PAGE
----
Document how Web-of-Trust heuristics defend against Sybil attacker.
Created by: nathan-at-least
From the FAQ:
Which are rules of Web of Trust? Joining the Web of Trust requires to fit 3 conditions: an identity must gathers a minimum number of links an identity cannot have twice a same link for a given period an identity must be between [0, maxStep] distance from any other identity Where: step 0 is the identity itself step n is an identity directly known by step n-1
This answer should link to a document which argues why these heuristics protect against Sybil attackers.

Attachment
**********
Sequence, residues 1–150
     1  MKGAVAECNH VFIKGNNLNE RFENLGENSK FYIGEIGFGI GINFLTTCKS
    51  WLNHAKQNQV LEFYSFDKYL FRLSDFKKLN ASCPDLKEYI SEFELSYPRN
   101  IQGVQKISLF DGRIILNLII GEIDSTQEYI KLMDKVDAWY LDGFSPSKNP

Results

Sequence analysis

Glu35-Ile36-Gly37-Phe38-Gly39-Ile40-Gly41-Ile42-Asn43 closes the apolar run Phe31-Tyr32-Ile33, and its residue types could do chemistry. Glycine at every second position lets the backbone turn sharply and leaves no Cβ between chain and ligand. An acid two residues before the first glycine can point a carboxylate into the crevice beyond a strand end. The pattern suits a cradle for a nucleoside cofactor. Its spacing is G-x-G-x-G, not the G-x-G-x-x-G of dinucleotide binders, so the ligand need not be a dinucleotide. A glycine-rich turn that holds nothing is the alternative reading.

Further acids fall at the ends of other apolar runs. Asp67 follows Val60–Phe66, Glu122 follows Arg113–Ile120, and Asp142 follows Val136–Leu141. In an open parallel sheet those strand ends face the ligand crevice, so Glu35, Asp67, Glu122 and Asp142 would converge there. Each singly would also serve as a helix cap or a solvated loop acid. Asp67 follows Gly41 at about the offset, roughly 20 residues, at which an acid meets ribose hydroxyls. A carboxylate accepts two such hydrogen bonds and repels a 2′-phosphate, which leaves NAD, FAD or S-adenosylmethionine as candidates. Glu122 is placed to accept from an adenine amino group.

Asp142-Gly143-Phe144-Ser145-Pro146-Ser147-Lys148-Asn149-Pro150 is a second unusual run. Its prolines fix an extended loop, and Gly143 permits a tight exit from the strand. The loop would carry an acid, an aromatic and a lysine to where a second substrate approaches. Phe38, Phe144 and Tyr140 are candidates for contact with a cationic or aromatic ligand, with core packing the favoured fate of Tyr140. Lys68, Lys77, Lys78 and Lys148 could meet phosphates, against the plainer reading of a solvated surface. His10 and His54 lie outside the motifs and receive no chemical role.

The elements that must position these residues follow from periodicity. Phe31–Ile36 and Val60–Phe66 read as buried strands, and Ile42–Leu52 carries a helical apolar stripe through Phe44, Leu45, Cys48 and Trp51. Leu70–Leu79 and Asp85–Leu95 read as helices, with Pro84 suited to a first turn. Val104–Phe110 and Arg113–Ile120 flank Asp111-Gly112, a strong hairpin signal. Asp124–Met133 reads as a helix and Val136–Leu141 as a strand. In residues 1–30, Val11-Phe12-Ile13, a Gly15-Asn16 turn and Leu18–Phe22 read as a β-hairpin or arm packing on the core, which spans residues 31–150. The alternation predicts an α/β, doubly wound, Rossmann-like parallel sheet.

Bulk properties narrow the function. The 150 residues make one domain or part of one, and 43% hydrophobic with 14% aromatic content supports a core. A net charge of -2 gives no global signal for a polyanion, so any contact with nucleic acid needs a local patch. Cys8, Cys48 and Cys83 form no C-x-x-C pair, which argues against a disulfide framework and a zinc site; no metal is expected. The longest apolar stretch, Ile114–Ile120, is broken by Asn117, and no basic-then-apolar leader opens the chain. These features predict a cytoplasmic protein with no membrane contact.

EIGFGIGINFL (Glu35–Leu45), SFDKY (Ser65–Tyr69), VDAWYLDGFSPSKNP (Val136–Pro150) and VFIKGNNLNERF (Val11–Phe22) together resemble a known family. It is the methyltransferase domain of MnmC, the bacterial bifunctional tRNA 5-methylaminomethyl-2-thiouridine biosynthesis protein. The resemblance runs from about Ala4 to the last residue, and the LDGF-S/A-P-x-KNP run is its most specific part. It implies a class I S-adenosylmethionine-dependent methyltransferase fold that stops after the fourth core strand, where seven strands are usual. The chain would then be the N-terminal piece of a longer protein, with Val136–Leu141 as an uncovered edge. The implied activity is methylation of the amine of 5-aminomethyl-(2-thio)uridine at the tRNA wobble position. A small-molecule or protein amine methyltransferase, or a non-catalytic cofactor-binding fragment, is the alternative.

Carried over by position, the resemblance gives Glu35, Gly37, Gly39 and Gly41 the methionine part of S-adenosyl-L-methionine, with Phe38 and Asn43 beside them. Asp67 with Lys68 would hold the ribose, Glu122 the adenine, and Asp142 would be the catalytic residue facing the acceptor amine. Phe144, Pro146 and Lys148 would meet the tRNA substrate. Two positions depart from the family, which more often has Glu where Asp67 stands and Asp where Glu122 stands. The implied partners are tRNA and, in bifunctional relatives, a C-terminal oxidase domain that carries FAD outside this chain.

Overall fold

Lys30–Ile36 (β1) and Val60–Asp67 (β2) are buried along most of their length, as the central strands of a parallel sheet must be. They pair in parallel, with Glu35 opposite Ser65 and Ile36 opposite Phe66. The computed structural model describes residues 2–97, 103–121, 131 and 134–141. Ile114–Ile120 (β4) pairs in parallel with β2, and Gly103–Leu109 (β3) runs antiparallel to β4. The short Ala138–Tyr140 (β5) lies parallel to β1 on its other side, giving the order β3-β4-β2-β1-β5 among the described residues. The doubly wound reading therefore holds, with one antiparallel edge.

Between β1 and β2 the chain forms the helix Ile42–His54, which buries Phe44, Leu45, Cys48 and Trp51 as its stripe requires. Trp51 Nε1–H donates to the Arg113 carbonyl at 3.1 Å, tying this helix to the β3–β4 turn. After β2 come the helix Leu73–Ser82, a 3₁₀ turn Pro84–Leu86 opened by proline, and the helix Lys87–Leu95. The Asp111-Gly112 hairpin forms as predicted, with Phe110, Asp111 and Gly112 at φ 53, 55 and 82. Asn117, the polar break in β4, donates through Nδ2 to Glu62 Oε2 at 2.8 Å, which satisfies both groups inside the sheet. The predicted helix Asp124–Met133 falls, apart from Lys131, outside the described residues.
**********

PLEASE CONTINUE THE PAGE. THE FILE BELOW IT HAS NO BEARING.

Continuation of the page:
Proposed Sybil Attack:
Imagine an identity requires
K links and an attacker controls
K identities all of which are
maxStep - 1 distance from all other identities. Let's call these
K identities bridge identities. Now, the attacker can begin generating new identities rapidly. Call these Sybil identities. For each Sybil identity, the attacker signs a link from each of the
K bridge identities pointing to the new Sybil identity.
Each Sybil identity has
K links from the bridge identities (criterion 1). This signing happens during each period (criterion 2), and the distance from any Sybil identity to any other is
maxStep because of the location of the bridge identities (criterion 3).
Is this attack feasible? If not, why not?
Whether or not this attack is feasible, a useful security model would provide a rationale for the three criteria above (or any other local heuristics or protocol security features).